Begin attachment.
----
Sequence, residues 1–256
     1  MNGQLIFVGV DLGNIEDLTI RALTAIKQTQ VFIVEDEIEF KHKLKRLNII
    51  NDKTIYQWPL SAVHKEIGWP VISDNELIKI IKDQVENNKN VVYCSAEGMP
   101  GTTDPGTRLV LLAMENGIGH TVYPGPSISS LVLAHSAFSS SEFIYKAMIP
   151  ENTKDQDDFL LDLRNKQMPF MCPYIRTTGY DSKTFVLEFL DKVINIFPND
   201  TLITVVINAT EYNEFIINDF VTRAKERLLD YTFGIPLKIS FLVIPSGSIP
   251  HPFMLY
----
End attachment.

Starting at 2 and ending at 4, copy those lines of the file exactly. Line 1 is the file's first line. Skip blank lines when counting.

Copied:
     1  MNGQLIFVGV DLGNIEDLTI RALTAIKQTQ VFIVEDEIEF KHKLKRLNII
    51  NDKTIYQWPL SAVHKEIGWP VISDNELIKI IKDQVENNKN VVYCSAEGMP
   101  GTTDPGTRLV LLAMENGIGH TVYPGPSISS LVLAHSAFSS SEFIYKAMIP